READY PLAYER ONE. The last video game I remember playing was Atari’s “Pong” back in 1972 or 73 with Manny Santana and John Tuck in “The Med” (Mediterranean Restaurant), next door to Manuels Restaurant on Center Street in Aptos. Video games have evolved since, and this Spielberg FX extravaganza is all about avatars, time travel, old timey movies, TV shows and memorabilia…and features so much space jumping and time warping that I lost interest after about 15 minutes. It was too much trouble, and besides that it’s set in Columbus, Ohio in 2045. A very large and long and dull film from a director who usually can focus more sharply.
LOVE, SIMON. This is a very light, music background, story of a teen age boy coming out as gay. It contains drama, real pain, peer and penis envy and it’s still “lighter than heir”.(Pun intended). No stars involved, but it’s a nice movie.
ANNIHILATION. This is the Natalie Portman science fiction thriller that got an 87 on RT. If you pay close attention there is quite a moral, philosophic base to the plot. Like one line I can’t forget…”all humans self destruct either by suicide, drinking or smoking”. The same director did “Ex Machina” so you can tell he’s got something to say. But it’s way too hard to follow. There’s a sort of foggy, swirly, shimmer wall and people go through the wall. The dead come back to life, time goes back on itself, and on and on. Maybe if you really concentrate and stay awake you’ll get some kind of profound meaning from Annihilation…I’m not sure.
BLACK PANTHER. Like Gal Gadot’s Wonder Woman created a lot of good will and empowered women Black Panther does the same for Blacks in America and around the rest of the world. Both are based on comics – DC and Marvel respectively – and are full of violence, killings and special effects. I’m finding it more and more difficult to see these action films with messages like revenge, torture, and blood and guts as having any semblance of cinematic art. Black Panther is science fiction, space travel and still the characters use spears and super hi tech weapons to kill each other. There are messages in this movie so I read…but I sensed nothing positive in it. Now I wonder since this has been such a blockbuster if we’ll see Mexican Panther, Chinese Panther, Croatian Panther? Got beat by …..
A WRINKLE IN TIME. The much hyped adapting of this hugely popular children’s book by black woman director Ava DuVernay is a flop. Even with Oprah Winfrey, Chris Pine, Reese Witherspoon and Zach Galifianakis it’s still a flop, and got a 42 on Rotten Tomatoes. Many women friends have told me Wrinkle was their favorite book when they were little. It’s so far out so otherworldly so fantastical it becomes unwakeable while you try to watch it. Think of time world-travel children’s classics like Wizard of Oz, Harry Potter, ET, Fantasia and more. I saw it in 3D and it didn’t help, I couldn’t follow it…and there didn’t seem to be any reason to do so.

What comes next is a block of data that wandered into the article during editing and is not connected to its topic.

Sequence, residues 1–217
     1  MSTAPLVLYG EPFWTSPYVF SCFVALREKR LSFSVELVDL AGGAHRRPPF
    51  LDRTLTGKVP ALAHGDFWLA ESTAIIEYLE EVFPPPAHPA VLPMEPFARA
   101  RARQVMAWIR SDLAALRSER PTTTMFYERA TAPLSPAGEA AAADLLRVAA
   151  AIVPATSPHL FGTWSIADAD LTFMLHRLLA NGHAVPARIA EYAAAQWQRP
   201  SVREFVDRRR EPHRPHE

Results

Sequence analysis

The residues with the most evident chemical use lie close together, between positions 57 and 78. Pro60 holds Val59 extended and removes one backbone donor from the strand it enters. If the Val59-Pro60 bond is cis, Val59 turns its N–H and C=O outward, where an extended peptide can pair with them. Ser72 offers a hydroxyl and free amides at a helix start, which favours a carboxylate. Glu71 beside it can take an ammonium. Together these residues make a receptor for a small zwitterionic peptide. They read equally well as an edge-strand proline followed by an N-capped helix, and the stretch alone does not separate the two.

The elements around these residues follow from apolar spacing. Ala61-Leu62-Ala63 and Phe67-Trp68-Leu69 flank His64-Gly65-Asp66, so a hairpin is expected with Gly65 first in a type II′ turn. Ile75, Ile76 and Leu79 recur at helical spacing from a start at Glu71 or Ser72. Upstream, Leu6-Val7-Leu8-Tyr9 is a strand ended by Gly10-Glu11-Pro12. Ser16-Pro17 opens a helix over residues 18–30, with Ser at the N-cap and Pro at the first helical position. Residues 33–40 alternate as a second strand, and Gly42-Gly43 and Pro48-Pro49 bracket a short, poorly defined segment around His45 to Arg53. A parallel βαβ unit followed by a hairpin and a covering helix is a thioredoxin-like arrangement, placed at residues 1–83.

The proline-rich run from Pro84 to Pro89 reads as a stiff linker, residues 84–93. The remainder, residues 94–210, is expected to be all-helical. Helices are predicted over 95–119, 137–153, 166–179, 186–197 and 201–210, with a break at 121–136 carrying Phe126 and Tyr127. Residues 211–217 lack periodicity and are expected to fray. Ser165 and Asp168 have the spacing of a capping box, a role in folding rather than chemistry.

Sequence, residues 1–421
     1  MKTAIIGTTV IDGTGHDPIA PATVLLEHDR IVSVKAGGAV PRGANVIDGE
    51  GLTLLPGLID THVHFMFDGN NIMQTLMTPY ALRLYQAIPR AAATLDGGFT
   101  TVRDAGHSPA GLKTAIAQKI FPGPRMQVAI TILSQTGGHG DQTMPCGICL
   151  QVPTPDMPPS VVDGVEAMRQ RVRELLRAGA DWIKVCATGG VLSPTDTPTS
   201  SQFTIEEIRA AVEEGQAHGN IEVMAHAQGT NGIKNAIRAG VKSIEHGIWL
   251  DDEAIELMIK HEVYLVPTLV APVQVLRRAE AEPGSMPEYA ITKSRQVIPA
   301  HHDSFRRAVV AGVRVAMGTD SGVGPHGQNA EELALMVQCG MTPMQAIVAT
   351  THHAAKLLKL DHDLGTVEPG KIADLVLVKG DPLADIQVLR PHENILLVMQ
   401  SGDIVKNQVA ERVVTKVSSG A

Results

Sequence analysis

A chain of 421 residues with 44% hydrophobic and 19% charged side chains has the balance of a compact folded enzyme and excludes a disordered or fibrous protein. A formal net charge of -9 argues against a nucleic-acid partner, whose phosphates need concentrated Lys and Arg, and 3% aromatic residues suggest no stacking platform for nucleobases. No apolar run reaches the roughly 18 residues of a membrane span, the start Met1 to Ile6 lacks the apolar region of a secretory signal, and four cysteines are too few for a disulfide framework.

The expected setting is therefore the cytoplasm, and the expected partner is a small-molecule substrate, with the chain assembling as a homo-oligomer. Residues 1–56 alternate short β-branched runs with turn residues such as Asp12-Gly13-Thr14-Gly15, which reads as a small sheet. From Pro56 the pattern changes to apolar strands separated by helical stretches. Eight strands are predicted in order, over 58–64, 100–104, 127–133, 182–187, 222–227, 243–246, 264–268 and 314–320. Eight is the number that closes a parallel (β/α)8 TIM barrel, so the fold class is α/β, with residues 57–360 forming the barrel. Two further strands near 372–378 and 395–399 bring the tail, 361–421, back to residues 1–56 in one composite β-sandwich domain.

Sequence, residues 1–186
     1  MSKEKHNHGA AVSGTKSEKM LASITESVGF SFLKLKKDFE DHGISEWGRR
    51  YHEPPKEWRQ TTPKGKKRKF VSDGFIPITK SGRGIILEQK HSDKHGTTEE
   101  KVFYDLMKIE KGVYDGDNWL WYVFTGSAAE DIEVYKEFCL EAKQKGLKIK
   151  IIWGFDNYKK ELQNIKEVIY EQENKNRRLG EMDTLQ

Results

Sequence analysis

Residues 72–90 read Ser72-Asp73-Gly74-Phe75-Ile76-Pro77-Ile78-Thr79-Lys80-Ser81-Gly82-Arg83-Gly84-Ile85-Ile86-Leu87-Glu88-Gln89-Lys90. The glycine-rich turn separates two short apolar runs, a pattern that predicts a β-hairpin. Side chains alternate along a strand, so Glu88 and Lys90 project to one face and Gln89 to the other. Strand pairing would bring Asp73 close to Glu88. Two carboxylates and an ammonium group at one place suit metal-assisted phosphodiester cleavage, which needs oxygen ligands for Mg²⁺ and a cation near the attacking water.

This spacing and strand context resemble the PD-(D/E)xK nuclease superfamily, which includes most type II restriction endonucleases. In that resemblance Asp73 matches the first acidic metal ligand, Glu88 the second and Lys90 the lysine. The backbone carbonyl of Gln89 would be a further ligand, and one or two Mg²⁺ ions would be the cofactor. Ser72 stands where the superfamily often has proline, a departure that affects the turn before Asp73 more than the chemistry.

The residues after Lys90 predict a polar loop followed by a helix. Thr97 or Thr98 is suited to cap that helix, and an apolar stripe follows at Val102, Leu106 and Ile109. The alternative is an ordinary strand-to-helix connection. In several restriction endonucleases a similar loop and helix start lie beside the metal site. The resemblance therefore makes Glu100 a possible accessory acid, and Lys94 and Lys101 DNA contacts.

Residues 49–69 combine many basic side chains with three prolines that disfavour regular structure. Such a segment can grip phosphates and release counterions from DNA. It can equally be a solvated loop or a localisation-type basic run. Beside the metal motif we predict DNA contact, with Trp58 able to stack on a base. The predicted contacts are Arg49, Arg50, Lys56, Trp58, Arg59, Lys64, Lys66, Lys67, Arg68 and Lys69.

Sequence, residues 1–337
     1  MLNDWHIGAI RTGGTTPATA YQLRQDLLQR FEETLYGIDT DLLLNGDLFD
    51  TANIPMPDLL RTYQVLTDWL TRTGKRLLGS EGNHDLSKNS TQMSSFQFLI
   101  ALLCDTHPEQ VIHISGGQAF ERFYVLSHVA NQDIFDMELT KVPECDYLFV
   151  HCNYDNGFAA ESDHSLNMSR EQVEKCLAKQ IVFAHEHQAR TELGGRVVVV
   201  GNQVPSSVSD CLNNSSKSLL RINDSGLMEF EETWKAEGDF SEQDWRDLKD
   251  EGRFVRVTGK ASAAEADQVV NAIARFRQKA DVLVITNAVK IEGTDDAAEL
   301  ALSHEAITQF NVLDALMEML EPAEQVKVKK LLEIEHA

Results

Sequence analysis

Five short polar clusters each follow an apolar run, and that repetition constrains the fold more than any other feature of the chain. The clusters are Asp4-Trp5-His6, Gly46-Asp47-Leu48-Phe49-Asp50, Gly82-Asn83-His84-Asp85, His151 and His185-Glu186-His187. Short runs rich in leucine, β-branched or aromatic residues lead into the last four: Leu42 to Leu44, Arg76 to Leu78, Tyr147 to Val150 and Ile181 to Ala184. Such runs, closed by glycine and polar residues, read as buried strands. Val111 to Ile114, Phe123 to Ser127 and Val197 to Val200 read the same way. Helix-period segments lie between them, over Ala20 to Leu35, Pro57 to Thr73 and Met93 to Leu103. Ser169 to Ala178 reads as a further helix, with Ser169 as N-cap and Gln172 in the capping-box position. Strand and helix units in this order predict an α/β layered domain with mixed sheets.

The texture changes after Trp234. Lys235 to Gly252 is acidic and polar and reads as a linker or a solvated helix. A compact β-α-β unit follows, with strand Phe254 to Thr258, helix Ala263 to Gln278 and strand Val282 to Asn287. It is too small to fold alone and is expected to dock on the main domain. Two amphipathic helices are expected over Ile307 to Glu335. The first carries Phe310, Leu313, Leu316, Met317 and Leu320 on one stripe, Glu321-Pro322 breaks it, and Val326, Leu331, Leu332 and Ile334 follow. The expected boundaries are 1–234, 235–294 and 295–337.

RAMPAGE.Dwayne Johnson— known as “the Rock” in his wrestling days —definitely has screen presence, and he’s perfect for these numbskull King Kong rip-off movies. The low point is when the giant ape gives Dwayne the middle finger a few times, and near the ending even sinks so low as to laugh and give him the finger-fuck sign. It’s that kind of mentality throughout the entire flick. Don’t even rent it.
BLOCKERS. It’s billed as a teenage sex comedy, and while it does have the raunchy, crotch, rectal, sex stuff… it’s got ZERO comedy. Lots of the audience howled at it, I was bored and disgusted at what passes for humor nowadays. It’s about parents trying to stop their three daughters from losing their virginity on prom night. Don’t go!!!
UNIVERSAL GRAPEVINE. Each and every Tuesday from 7:00-8:00 p.m. I host Universal Grapevine on KZSC 88.1 fm. or on your computer, (live only or archived for two weeks… (See next paragraph) and go to WWW.KZSC.ORG. Candace Brown discusses the choosing of a new Parks and Recreation Director on April 24. Then Ken Koenig and Judy Allen from Santa Cruz Indivisible talk about canvassing to get out the vote. May 1st has Kathy Bisbee talking about Virtual Reality and Air Pollution. After which Valeria Esqueda and Sara Durghalli from UCSC’s Common Ground discuss some of their upcoming events. May 8 is KZSC’s bi-annual Pledge Drive time. Julie Thayer relates issues and concerns about PG&E’s latest moves on May 12. Wilma Marcus, George Lober and Rosie King will be reading and discussing poetry on May 23. The top winners from the annual Bookshop Santa Cruz Short Story Contest read their works on May 29. OR…if you just happen to miss either of the last two weeks of Universal Grapevine broadcasts go here… http://www.radiofreeamerica.com/dj/bruce-bratton You have to listen to about 4 minutes of that week’s KPFA news first, then Grapevine happens. Do remember, any and all suggestions for future programs are more than welcome so tune in, and keep listening. Email me always and only at firstname.lastname@example.org
Dances from all over Africa
UNIVERSAL GRAPEVINE ARCHIVES. In case you missed some of the great people I’ve interviewed in the last 9 years here’s a chronological list of some past broadcasts. Such a wide range of folks such as Nikki Silva, Michael Warren, Tom Noddy, UCSC Chancellor George Blumenthal, Anita Monga, Mark Wainer, Judy Johnson, Wendy Mayer-Lochtefeld, Rachel Goodman, George Newell, Tubten Pende, Gina Marie Hayes, Rebecca Ronay-Hazleton, Miriam Ellis, Deb Mc Arthur, The Great Morgani on Street performing, and Paul Whitworth on Krapps Last Tape. Jodi McGraw on Sandhills, Bruce Daniels on area water problems. Mike Pappas on the Olive Connection, Sandy Lydon on County History. Paul Johnston on political organizing, Rick Longinotti on De-Sal. Dan Haifley on Monterey Bay Sanctuary, Dan Harder on Santa Cruz City Museum. Sara Wilbourne on Santa Cruz Ballet Theatre. Brian Spencer on SEE Theatre Co. Paula Kenyon and Karen Massaro on MAH and Big Creek Pottery. Carolyn Burke on Edith Piaf. Peggy Dolgenos on Cruzio. Julie James on Jewel Theatre Company. Then there’s Pat Matejcek on environment, Nancy Abrams and Joel Primack on the Universe plus Nina Simon from MAH, Rob Slawinski, Gary Bascou, Judge Paul Burdick, John Brown Childs, Ellen Kimmel, Don Williams, Kinan Valdez, Ellen Murtha, John Leopold, Karen Kefauver, Chip Lord, Judy Bouley, Rob Sean Wilson, Ann Simonton, Lori Rivera, Sayaka Yabuki, Chris Kinney, Celia and Peter Scott, Chris Krohn, David Swanger, Chelsea Juarez…and that’s just since January 2011.
“Make hay in May for you may never know what June is coming with and you may never know what July will present! When you see May, make hay!” Ernest Agyemang Yeboah
“Another May new buds and flowers shall bring: Ah! why has happiness no second Spring?” Charlotte Smith
“Rough winds do shake the darling buds of May, And summer’s lease hath all too short a date.” William Shakespeare